Improving Conditions for Learning: Student Success in Every Community
One out of every six students drops out of school. The odds say it will be a student of color. It’s the last stop on a journey through an education system that doesn’t protect and support kids living with the weight of poverty and trauma. Communities In Schools (CIS) and Council of Chief State School Officers (CCSSO) have a proven solution. CIS works hand-in-hand with schools to establish an integrated student supports model, surrounding kids and their families with a system of caring adults that keep students on the path to graduation. CCSSO works with state leaders to enact change for equity in education. Together, we will transform the public education system to ensure every child can succeed. The evidence is clear: 99% of students receiving the most intensive level of integrated student supports remain in school throughout the academic year, and 96% of seniors graduate or receive a GED.
A student carries the ravages of poverty and trauma wherever he or she goes, yet education policy has long focused solely on the academic needs of students in the classroom. Homelessness, food insecurity, poor mental health and physical health can adversely affect a student's ability to come to school ready to learn. To provide every student with equitable conditions for learning, a focus on the whole child, school climate and social-emotional development is vital. The effects of income inequality, structural racism, trauma and toxic stress have devastating effects on early brain development. Generational poverty and adversity only compound these challenges, pushing many communities deeper into crisis – and driving dropout rates upward. Yet millions of students do not have access to necessary supports to help them. A recent report shows that no state met the recommended social worker/student ratio, only four states meet the school psychologist/student recommended ratio, and one-third of schools don’t even have a nurse. It’s time to rethink the traditional model. The fundamental – but solvable – problem is integrating supports into schools. The CIS model trains school professionals to weave necessary supports into the fabric of a student’s life. A growing body of research shows that students succeed when schools effectively implement a whole child approach. Integrated supports surround students with the elements they need to succeed and removes the barriers holding them back.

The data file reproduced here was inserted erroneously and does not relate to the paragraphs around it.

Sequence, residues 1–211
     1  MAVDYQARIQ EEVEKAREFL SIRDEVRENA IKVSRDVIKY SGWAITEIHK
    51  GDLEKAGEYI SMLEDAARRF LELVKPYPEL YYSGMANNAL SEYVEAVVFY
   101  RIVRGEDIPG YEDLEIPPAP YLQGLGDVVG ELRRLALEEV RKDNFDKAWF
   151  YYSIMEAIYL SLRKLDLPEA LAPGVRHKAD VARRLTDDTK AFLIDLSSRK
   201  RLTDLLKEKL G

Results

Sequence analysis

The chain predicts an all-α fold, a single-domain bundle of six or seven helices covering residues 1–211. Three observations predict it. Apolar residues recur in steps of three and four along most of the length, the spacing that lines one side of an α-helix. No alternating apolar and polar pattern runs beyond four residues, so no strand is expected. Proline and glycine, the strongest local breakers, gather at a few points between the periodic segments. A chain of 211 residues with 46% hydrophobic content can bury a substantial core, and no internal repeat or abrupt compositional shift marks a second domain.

Integrated student supports simply means that a student’s unique needs are met. Professionals trained in ISS build community partnerships that bring the right evidence-based resources into the school, directly to the student in need. Addressing a student’s food insecurity, health-care, or by providing trauma informed care allows her to focus on education again. Positive school climate, social-emotional development and developmental relationships, which can help to heal the harm of trauma, are measurable outcomes. But CIS alone cannot address the shortage of integrated student supports; the solution requires systems change. Serving the “whole child” is gaining traction in the education field, but improving conditions for learning must be embedded in the system to serve all students. CIS and CCSSO will convene stakeholders and community leaders to build this foundation, taking our work to the 18 states with the greatest concentration of low performing schools, economically disadvantaged students, and students of color. Working with the five state jurisdictions most ready and able to partner, we will train local providers, deliver technical assistance, and change the systems in these states to create lasting impact. To ensure sustainability, we will educate local leaders on how to unlock existing public funding focused on youth. Progress will be evident by the implementation of ISS in the targeted jurisdictions, with results including increased graduation rates and college enrollment. Additionally, our work to unite the field and engage chiefs will have a positive ripple effect for students receiving ISS, either through Communities In Schools or other service providers.